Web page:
President calls for immigration reform, wage increase in State of the Union address

President Barack Obama called for bipartisan immigration reform in his fifth State of the Union address to Congress last night.

“When people come here to fulfill their dreams, to study, invent, contribute to our culture, they make our country a more attractive place for businesses to locate and create jobs for everybody,” Obama said.

CSUN is no stranger to immigration issues. According to a previous Sundial article, CSUN had as many as 300 undocumented students when the Development, Relief, and Education for Alien Minors (DREAM) Act was passed in 2011. The legislation allowed for students brought in to the United States under the age of 16 without the proper immigration documents to be eligible to receive financial aid benefits.

Obama intends to use an executive action to raise minimum wage to $10.10 for federal contractors. Obama has also asked Congress to pass legislation to raise the federal minimum wage from $7.25 to $10.10 per hour. He noted that some businesses have already taken it upon themselves to raise wages in order to promote economic growth and to ease financial stress of employees. The President urged Congress to follow suit.

“This will help families,” he said. “It will give businesses customers with more money to spend.”

The President also highlighted what he believes to be his biggest accomplishments of 2013, including ending the war in Iraq and passing the Affordable Care Act, popularly known as Obamacare.

“Because of this law, no American — none, zero — can ever again be dropped or denied coverage for a pre-existing condition like asthma or back pain or cancer,” Obama said.

The President also expressed support for equal pay for women, gay marriage and increased gun control. He called on, not only Congress, but the citizens to act on these issues, referring to it as a citizen duty.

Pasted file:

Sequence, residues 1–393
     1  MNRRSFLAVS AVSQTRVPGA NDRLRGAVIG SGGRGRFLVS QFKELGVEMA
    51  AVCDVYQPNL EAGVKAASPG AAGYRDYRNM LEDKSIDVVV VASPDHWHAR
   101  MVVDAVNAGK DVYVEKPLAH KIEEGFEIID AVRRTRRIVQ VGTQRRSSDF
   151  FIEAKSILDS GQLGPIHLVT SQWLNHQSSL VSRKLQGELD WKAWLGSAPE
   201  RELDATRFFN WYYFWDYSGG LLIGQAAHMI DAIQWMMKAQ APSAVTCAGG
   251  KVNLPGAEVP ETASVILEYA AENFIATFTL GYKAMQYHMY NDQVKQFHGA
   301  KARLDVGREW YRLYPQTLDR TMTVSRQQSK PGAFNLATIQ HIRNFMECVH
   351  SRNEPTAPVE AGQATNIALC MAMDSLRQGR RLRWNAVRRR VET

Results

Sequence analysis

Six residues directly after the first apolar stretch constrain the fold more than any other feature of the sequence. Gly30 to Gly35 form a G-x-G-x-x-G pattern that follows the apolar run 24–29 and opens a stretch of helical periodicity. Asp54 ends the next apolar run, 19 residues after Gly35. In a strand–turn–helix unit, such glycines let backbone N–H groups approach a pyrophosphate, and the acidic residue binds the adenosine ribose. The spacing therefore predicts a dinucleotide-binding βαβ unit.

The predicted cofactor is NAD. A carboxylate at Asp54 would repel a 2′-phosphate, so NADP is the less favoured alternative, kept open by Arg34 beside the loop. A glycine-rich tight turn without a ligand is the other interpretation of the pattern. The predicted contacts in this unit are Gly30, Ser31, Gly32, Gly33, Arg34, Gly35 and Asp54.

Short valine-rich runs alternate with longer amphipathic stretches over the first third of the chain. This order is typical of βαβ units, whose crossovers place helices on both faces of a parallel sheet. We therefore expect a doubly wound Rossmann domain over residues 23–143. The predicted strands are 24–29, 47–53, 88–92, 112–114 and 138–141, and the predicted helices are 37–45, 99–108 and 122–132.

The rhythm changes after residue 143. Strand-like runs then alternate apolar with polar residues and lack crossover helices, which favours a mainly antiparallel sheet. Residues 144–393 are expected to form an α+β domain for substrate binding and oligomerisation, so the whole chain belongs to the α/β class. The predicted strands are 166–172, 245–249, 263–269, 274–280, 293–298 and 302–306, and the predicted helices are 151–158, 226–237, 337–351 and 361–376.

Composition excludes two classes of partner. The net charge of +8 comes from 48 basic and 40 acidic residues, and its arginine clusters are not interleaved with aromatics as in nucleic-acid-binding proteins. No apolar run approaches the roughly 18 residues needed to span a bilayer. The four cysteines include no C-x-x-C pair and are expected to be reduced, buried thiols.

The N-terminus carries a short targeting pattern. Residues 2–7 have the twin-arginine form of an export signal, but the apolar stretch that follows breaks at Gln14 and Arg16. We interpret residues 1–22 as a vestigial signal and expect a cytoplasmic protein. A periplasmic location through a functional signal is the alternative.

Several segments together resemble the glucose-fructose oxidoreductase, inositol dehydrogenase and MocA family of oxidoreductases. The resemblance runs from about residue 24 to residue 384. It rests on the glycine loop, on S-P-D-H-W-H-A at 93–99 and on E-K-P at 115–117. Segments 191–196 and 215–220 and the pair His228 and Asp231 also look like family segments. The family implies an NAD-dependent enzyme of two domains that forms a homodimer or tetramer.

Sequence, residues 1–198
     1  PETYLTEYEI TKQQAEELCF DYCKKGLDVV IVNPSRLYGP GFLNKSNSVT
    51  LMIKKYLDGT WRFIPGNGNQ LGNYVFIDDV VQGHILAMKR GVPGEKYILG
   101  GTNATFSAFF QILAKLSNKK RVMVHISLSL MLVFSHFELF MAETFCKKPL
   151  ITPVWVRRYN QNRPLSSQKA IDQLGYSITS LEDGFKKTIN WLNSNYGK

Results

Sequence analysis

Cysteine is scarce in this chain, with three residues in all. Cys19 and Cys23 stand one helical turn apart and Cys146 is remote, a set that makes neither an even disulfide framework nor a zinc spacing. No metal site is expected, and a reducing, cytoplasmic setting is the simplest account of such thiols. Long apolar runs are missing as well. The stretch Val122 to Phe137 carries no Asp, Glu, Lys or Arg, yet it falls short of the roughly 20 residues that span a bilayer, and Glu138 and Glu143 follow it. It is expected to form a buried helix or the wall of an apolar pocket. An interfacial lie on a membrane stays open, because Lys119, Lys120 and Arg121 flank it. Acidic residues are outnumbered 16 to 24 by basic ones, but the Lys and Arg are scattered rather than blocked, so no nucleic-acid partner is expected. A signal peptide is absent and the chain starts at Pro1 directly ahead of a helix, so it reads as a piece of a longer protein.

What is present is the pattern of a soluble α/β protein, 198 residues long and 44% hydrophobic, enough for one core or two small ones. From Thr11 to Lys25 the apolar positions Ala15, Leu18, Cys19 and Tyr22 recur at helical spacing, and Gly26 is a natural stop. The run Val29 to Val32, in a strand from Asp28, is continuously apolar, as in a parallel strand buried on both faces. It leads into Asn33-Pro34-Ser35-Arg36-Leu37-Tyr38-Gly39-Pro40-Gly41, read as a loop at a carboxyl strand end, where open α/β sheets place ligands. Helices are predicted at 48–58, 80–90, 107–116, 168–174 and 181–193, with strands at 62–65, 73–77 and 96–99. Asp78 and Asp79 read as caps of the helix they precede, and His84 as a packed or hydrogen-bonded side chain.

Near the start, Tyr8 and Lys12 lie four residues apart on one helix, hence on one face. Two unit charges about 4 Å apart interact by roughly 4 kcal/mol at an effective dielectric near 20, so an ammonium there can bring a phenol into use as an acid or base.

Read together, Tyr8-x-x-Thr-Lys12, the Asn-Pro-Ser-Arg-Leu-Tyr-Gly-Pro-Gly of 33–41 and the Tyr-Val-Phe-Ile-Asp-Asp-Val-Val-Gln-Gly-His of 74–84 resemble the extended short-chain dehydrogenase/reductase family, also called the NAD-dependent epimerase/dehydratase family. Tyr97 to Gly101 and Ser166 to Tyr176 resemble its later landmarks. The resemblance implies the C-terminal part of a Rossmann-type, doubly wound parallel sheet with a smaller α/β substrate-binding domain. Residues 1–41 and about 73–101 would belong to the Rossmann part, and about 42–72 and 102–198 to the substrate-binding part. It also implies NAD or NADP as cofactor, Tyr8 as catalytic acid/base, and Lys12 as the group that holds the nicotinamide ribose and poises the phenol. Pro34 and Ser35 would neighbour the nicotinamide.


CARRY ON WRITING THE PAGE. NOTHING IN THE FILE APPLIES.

“Citizenship means standing up for the lives that gun violence steals from us each day,” he said.

Obama called for 2014 to be a year of action and mentioned that in order to drive this year forward, he planned to take executive action if and when necessary.

“Wherever and whenever I can take steps without legislation to expand opportunity for more American families, that’s what I’m going to do,” Obama said. “America does not stand still and neither will I.”

The Republican response to the President’s State of the Union address was delivered by Rep. Cathy McMorris Rodgers, R-Wash.

“Tonight the President made more promises that sound good, but won’t solve the problems actually facing Americans,” Rodgers said. “We want you to have a better life. The president wants that, too. But we part ways when it comes to how to make that happen.”

Rodgers said the Republicans have a plan to put Americans back to work that does not include government spending, bailouts or red tape.

President Barack Obama delivers his State of the Union speech during a joint session of Congress on Capitol Hill in Washington, D.C., Tuesday, January 28, 2014. (Olivier Douliery/Abaca Press/MCT)
President Barack Obama delivers his State of the Union speech during a joint session of Congress on Capitol Hill in Washington, D.C., Tuesday, January 28, 2014. (Olivier Douliery/Abaca Press/MCT)